Once Again, We Learn There Is No 'New' Fidel


On April 11 Fidel Castro heaved the bodies of three more innocents atop his towering monument of corpses known as the Cuban revolution. That mountain of the dead is his instrument of fear, without which he'd be selling peanuts on a street corner in Ho Chi Minh City.

These latest victims were young, humble Afro-Cubans. Their crime was an act of desperation, the hijacking of a ferry that they hoped to take to Florida, to liberty. Not one person was harmed. But to seek freedom in Cuba is a crime punishable by death. They were executed by a Cuban firing squad.

When a full history of Castro's reign of terror is written these three men may not get much ink. Their story will blend with millions of others, lives destroyed in all manner of unspeakable cruelty by Ted Turner's yachting buddy Fidel. They died slowly in the dungeons, they were killed in an instant by firing squads, they drowned at sea, they were eaten by sharks, they died of heartbreak as families were torn apart. Many survived the gulags physically but intolerable psychological torture and deprivation drove them to sign up for "rehabilitation" and they lived out their days as broken souls.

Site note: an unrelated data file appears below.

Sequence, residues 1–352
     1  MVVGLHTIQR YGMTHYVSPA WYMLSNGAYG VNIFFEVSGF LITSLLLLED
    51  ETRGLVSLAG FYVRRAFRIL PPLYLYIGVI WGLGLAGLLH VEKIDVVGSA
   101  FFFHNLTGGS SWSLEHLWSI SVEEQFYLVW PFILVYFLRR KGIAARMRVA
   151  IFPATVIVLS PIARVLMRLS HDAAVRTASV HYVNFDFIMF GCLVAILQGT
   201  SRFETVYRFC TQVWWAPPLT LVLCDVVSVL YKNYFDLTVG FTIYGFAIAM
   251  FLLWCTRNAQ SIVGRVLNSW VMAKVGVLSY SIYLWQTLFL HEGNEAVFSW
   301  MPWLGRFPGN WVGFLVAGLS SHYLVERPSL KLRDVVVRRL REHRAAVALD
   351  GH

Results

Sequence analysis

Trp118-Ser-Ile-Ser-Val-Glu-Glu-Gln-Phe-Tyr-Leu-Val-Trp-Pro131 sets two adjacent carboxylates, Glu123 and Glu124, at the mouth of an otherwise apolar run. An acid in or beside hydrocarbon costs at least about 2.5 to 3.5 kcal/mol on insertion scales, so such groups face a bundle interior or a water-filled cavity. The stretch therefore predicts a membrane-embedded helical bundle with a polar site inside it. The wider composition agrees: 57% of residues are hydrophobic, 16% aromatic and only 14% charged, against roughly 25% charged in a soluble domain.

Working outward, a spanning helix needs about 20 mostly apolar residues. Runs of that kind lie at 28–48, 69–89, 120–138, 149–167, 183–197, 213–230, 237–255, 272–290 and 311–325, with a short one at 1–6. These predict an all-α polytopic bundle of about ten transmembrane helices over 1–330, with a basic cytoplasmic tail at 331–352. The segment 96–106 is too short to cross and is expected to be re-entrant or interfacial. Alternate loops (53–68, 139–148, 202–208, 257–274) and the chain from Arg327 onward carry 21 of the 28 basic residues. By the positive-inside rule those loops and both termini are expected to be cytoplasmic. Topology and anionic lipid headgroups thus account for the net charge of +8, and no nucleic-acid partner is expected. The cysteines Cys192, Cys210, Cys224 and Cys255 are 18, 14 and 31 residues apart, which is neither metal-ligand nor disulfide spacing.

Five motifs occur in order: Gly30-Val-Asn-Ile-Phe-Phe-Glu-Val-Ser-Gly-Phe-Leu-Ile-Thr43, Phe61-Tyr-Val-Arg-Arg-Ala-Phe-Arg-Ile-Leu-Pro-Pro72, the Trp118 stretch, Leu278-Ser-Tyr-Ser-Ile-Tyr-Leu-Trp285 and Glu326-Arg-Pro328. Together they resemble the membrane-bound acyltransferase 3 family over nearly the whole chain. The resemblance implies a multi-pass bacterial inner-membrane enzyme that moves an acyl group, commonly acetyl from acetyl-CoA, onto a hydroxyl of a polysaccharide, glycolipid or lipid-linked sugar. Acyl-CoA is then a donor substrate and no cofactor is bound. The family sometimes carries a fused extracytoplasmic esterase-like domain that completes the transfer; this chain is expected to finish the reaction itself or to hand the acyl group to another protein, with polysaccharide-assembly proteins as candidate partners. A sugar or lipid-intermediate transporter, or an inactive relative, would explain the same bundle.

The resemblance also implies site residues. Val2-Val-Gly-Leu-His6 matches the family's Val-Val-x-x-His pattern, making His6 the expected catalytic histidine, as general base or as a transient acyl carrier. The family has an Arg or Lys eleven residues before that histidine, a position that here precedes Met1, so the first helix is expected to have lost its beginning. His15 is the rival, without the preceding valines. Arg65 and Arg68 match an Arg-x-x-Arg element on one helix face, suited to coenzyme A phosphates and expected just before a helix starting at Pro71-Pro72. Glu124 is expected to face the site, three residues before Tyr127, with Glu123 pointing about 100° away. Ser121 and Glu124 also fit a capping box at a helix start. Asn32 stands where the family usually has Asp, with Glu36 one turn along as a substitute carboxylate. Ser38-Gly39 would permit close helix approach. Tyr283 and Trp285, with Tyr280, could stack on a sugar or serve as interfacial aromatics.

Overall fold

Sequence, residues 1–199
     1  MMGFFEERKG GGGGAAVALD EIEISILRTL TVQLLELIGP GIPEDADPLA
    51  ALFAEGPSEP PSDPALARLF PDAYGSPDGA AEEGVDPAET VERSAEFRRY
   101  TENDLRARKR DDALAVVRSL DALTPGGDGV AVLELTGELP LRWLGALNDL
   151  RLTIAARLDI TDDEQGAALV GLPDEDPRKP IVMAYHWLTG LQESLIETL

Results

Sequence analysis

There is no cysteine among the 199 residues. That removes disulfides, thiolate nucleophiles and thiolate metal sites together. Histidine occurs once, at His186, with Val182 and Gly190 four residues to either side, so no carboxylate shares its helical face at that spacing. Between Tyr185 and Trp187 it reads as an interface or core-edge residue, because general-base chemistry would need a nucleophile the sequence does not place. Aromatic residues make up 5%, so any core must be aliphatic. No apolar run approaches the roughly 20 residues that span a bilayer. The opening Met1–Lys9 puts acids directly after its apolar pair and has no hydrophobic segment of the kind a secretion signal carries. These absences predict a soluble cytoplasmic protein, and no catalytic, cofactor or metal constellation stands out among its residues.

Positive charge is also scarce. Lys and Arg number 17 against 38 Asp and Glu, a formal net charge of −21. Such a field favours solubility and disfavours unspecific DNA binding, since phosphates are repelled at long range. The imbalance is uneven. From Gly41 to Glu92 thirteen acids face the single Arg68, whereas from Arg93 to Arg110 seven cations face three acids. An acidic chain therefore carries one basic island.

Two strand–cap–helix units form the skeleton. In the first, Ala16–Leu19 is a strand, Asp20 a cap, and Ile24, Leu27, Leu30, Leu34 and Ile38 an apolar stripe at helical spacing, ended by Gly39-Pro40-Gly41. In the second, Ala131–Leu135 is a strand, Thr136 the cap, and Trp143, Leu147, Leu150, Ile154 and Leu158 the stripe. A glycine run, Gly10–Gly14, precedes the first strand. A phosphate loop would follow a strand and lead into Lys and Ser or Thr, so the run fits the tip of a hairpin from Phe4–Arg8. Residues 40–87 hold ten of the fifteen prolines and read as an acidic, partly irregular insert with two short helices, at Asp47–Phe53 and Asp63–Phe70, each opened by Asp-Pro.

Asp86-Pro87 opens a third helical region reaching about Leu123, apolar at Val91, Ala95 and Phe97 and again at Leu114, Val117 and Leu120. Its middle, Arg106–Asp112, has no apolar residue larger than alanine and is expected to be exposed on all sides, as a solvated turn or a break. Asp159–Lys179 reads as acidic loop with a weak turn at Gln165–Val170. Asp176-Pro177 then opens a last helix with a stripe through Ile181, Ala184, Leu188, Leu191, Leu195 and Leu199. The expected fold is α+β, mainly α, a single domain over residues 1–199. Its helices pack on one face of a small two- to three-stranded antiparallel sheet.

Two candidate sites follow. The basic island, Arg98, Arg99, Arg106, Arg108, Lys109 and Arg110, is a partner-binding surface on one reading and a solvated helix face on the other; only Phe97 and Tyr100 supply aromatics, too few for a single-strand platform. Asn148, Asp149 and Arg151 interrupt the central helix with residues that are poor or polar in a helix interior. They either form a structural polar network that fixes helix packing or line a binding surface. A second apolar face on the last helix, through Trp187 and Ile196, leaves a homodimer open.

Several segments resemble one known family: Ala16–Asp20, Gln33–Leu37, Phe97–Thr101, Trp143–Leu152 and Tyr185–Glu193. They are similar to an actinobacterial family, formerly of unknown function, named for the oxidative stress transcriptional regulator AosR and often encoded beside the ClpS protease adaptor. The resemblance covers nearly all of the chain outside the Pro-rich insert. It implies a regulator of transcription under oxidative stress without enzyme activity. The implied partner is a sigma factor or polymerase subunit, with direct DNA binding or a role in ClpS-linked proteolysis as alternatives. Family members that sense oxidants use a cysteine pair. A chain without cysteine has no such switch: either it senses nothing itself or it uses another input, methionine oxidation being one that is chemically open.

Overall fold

For more than four decades Cubans have been beaten, locked in solitary confinement, tortured, drugged, drowned, spiritually suffocated, gunned down, impoverished, starved, deprived of the right of parenting and brainwashed. In the evil genius textbook this is supposed to produce happily enslaved tropical proletarians who cut sugar cane 12 hours a day and never raise a peep against El Maximo Lider.

Yet, scores of escape attempts and more recently the Varela Project, a non-violent democracy movement that collected over 11,000 signatures last year to call for a referendum on civil rights, are clear signs that even after nearly a half-century of repression, the Cuban spirit remains defiant. There is no Marxist "new man" in Cuba. Only a pathetic, despised old man, who after a lifetime of sincere despotism has been unable to stomp faith, passionate creativity and feistiness out of the Cuban soul.